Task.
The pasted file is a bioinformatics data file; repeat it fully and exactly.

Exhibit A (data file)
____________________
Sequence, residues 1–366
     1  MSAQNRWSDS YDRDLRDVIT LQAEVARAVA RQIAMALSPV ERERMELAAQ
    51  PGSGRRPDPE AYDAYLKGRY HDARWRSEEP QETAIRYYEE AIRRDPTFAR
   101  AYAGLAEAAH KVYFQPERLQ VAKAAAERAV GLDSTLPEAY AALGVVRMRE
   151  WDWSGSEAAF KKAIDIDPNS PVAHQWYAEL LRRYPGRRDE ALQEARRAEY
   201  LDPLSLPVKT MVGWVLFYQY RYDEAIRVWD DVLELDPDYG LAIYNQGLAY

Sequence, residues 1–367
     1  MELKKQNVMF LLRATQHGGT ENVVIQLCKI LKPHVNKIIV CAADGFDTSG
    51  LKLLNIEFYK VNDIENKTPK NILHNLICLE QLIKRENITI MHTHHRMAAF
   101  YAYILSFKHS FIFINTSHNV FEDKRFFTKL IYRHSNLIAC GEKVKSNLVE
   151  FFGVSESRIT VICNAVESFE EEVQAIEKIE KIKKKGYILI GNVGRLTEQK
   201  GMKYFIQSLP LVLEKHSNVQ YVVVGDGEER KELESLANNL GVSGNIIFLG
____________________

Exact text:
Sequence, residues 1–366
     1  MSAQNRWSDS YDRDLRDVIT LQAEVARAVA RQIAMALSPV ERERMELAAQ
    51  PGSGRRPDPE AYDAYLKGRY HDARWRSEEP QETAIRYYEE AIRRDPTFAR
   101  AYAGLAEAAH KVYFQPERLQ VAKAAAERAV GLDSTLPEAY AALGVVRMRE
   151  WDWSGSEAAF KKAIDIDPNS PVAHQWYAEL LRRYPGRRDE ALQEARRAEY
   201  LDPLSLPVKT MVGWVLFYQY RYDEAIRVWD DVLELDPDYG LAIYNQGLAY

Sequence, residues 1–367
     1  MELKKQNVMF LLRATQHGGT ENVVIQLCKI LKPHVNKIIV CAADGFDTSG
    51  LKLLNIEFYK VNDIENKTPK NILHNLICLE QLIKRENITI MHTHHRMAAF
   101  YAYILSFKHS FIFINTSHNV FEDKRFFTKL IYRHSNLIAC GEKVKSNLVE
   151  FFGVSESRIT VICNAVESFE EEVQAIEKIE KIKKKGYILI GNVGRLTEQK
   201  GMKYFIQSLP LVLEKHSNVQ YVVVGDGEER KELESLANNL GVSGNIIFLG